Anselm’s Prayer to God

Anselm’s “Prayer to God” is a beautiful model prayer, which aims “to stir up the mind of the reader to love or fear of God, or to self-examination.”

Although he is best known for his ontological argument for the existence of God in the Proslogion, and for his classic articulation of the satisfaction view of the atonement in Cur Deus Homo, Anselm also left a rich legacy of prayers, written to help “ordinary” Christians pray.


Learn to Pray by praying

Jesus was praying in a certain place, and when he finished, one of his disciples said to him, “Lord, teach us to pray, as John taught his disciples.” (Luke 11:1)

How can we learn how to pray? Not think about prayer. Not talk about prayer. Not theologise about prayer. But actually pray.

John Webster Theology

John Webster: A Chronological Bibliography


Rudolph Bultmann: An Introductory Interpretation. Leicester: RTSF.


‘Distinguishing between God and Man: Aspects of the Theology of Eberhard Jüngel’. Cambridge: University of Cambridge.

‘Recent Work on Barth: A Survey of Literature since 1975’. Themelios 7 (3): 31–35.


Anglican Evangelical Identity Today

What might it look like in coming years for Anglican evangelicals to remain committed to the biblical gospel, to all that is best in our Anglican heritage, and to one another as brothers and sisters in Christ?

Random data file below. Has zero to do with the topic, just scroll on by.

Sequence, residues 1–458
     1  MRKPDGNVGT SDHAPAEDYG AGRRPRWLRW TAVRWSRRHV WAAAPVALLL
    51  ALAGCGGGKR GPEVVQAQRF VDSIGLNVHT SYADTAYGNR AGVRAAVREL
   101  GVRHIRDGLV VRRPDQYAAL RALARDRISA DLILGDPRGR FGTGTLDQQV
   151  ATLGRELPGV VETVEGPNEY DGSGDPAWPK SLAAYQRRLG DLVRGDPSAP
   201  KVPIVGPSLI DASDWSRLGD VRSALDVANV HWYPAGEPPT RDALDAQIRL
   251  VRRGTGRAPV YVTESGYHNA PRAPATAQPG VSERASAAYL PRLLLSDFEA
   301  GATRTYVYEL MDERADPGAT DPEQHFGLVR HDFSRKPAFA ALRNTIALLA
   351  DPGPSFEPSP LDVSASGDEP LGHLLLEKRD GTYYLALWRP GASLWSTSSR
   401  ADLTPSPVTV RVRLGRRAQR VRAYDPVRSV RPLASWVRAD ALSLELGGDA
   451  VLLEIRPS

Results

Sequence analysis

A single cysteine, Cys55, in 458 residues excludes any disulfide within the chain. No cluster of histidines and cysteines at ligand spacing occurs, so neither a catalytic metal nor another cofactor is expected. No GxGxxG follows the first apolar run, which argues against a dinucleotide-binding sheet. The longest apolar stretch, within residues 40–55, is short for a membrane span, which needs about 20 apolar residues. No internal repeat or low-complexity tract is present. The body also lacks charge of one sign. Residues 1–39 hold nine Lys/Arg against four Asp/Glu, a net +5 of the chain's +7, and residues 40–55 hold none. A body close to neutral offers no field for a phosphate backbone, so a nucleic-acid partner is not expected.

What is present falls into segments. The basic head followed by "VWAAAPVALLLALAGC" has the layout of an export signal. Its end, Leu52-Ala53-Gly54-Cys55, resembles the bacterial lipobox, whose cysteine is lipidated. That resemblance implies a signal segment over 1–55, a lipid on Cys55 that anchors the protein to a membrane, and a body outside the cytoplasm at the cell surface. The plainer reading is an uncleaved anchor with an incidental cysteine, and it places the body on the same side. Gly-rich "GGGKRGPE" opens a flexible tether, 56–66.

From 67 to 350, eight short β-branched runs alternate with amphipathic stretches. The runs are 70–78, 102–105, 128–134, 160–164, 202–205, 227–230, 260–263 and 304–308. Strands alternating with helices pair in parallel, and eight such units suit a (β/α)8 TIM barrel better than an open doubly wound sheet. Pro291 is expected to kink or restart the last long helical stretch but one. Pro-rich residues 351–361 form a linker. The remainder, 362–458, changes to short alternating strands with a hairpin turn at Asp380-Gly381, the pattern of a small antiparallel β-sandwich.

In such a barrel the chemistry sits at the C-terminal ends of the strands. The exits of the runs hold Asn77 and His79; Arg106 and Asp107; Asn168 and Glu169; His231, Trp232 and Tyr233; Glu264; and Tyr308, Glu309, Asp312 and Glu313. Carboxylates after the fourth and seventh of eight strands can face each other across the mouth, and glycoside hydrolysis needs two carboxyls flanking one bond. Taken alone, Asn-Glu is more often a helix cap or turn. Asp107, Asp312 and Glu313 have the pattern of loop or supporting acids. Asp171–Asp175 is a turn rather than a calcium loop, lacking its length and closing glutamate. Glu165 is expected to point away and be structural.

There will be times when our differing contexts will mean that we will make different judgments about precisely when and how to act for the sake of the gospel. There will be other occasions when differences of temperament, or priorities, or convictions will mean that we will disagree about what the practical outworkings of our commitments should be. What might godly wisdom look like for different churches, and in different contexts? And how can we continue to honour and support one another, working together for the gospel, even when we make different principled and pragmatic decisions?

Anglicanism Book Reviews

The Book of Common Prayer: A Biography

For those who enjoy biographies and love books, what could be better than a good biography…of a great book? Princeton’s Lives of Great Religious Books series promises many happy hours learning more about old friends and making new acquaintances, from Augustine’s Confessions to Bonhoeffer’s Letters and Papers from Prison, from the book of Genesis, to the Tibetan Book of the Dead

Alan Jacobs’s biography of the Book of Common Prayer (BCP) certainly provides a stimulating introduction to a fascinating life. In seven highly readable chapters, he takes us from the BCP’s conception and birth in the mid-sixteenth century to its dotage in the early twenty-first. Throughout, he demonstrates enviable skill in simplifying complex material—covering several centuries and half the globe, and integrating multiple disciplines—without being simplistic.